$1.5m Waikanae stopbank work starts
A stopbank protecting Waikanae will get a $1.5 million upgrade for its 60th birthday.
Work is planned to start revamping the Jim Cooke stopbank on the Waikanae River from January, Greater Wellington Regional Council has announced.
The work would see disruption around the site on the northern side of the river in early 2017, but would ramp up the town’s flood protection.
Council flood protection manager Graeme Campbell said the project would take about six months and include restoration planting afterwards.
The project would boost the protection level of the stopbanks to deal with floods at a one-in100-year magnitude - floods with a one per cent probability.
The stopbank, built in 1957, was nearly overtopped in 2005 flooding, a one-in-80-year level.
Campbell said the work would follow strict resource consent conditions dealing with noise, dust and vibration created by the construction.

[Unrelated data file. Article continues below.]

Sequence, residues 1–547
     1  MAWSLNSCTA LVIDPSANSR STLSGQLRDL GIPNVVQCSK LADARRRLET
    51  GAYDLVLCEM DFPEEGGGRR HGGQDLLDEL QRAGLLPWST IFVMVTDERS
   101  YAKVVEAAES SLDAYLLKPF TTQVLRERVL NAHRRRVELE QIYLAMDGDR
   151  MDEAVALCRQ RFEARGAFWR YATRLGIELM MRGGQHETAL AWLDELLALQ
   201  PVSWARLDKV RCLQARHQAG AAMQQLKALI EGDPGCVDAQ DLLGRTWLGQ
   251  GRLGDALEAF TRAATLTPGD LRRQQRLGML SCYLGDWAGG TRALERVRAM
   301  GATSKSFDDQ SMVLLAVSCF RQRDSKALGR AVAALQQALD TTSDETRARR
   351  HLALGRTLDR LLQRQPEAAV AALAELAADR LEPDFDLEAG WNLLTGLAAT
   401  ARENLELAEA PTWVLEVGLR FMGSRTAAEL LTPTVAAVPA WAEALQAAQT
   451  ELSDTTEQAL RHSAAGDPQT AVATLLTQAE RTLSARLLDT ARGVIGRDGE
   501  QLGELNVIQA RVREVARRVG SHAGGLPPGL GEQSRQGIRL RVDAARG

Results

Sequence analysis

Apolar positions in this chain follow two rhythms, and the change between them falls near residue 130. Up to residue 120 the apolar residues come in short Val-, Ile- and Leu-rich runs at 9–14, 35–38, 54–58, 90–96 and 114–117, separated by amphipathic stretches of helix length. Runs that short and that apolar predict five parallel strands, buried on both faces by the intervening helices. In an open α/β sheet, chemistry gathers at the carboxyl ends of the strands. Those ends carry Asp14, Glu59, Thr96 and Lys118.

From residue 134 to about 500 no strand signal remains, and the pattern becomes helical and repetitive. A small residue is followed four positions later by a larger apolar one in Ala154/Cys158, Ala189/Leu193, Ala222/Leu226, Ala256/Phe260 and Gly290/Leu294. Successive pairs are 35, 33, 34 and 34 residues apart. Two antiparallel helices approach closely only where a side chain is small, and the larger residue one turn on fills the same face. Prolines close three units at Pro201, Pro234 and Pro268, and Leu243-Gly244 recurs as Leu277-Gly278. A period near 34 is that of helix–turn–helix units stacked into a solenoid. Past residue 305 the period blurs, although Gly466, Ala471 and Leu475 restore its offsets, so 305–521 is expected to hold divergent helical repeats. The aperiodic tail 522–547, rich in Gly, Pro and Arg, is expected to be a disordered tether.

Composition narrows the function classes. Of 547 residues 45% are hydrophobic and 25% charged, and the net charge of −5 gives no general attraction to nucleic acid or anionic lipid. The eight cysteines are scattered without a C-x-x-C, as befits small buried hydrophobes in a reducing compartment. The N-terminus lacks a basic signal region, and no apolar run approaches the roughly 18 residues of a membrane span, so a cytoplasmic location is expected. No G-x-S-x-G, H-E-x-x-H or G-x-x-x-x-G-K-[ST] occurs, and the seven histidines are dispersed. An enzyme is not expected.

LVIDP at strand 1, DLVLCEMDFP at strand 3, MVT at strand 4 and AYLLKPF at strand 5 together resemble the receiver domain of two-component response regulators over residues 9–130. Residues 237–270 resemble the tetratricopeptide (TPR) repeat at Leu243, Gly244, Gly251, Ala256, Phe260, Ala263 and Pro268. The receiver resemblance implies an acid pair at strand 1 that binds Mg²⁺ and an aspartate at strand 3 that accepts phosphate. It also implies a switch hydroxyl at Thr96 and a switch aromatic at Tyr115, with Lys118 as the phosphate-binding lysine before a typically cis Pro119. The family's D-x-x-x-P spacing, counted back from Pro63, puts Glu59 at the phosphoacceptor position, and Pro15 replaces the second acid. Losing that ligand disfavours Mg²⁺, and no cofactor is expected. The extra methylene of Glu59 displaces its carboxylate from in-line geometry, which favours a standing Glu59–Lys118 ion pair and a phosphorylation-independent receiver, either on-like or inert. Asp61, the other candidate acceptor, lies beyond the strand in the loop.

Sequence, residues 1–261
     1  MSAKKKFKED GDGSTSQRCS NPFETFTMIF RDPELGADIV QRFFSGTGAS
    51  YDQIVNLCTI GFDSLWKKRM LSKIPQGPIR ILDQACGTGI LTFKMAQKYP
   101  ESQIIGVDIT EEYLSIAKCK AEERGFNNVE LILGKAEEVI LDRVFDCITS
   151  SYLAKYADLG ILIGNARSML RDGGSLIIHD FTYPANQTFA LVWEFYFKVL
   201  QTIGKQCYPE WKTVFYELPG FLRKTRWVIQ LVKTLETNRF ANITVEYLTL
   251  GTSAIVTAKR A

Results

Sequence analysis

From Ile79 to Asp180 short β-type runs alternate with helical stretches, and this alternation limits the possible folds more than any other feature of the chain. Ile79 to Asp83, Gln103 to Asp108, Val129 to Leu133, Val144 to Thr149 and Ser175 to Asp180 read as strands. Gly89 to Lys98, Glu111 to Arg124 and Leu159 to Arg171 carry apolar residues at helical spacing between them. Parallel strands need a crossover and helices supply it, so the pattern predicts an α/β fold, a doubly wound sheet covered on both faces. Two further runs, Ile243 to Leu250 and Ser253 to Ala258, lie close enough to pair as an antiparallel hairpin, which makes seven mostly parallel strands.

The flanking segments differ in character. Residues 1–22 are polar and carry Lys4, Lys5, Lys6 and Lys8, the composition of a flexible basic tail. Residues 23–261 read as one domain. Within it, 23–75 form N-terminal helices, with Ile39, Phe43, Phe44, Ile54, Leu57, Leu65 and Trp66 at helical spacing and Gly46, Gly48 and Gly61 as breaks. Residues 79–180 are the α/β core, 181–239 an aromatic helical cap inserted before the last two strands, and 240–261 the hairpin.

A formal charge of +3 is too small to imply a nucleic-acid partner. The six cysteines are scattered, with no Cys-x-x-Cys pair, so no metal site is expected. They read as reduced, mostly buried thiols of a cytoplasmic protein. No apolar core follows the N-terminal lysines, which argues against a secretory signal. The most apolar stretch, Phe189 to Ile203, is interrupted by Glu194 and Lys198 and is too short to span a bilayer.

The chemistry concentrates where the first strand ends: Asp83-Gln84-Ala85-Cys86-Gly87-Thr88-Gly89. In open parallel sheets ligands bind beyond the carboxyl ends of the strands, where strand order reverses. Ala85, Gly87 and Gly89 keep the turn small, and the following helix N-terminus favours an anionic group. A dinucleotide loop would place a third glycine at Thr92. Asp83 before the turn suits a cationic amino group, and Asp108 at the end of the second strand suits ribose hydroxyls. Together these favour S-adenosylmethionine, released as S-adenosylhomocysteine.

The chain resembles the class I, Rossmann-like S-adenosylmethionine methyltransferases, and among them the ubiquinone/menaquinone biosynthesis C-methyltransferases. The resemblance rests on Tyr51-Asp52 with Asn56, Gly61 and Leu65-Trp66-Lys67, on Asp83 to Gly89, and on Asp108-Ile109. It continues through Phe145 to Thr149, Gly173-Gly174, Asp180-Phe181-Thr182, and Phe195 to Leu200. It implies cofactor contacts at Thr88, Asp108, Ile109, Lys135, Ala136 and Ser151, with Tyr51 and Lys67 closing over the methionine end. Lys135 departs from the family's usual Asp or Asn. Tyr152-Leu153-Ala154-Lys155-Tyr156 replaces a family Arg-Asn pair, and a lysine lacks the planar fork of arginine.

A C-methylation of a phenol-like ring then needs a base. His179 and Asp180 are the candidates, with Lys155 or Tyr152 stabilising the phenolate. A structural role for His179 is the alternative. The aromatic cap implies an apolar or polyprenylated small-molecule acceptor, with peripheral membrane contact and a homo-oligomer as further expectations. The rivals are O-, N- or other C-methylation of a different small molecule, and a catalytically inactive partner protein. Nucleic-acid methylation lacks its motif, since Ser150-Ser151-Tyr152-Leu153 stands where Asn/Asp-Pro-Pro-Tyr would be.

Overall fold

Three football fields at the park would be repositioned after the work and would remain the same size, he said.
‘‘The practice field and floodlights will be moved closer to the river and will be in play for the 2017 winter season.
‘‘The other two fields will be back in play for 2018.’’
Community access to some areas along the river would be limited during parts of the project for safety reasons, he said.
Campbell said there would be signs and alternative access ‘‘in most cases’’.
Campbell said the project included planting 10,000 ecosourced native trees in the area adjacent to river.
‘‘This will complete the corridor of native plants between State Highway 1 and the sea we’ve been working on with the Friends of the Waikanae River over the past 15 years.’’
Waikanae Community Board chair Jocelyn Prvanov said the work was a great boost for the town’s flood protection.
‘‘There will be some disruption over summertime, but I think Greater Wellington have done their best to alleviate that.’’
She said the timing, over the summer season, was necessary for the project to catch a run of what would hopefully be fine weather.
‘‘You don’t want them to be part way through it and for there to be a flood.’’
Preliminary work at Jim Cooke Park.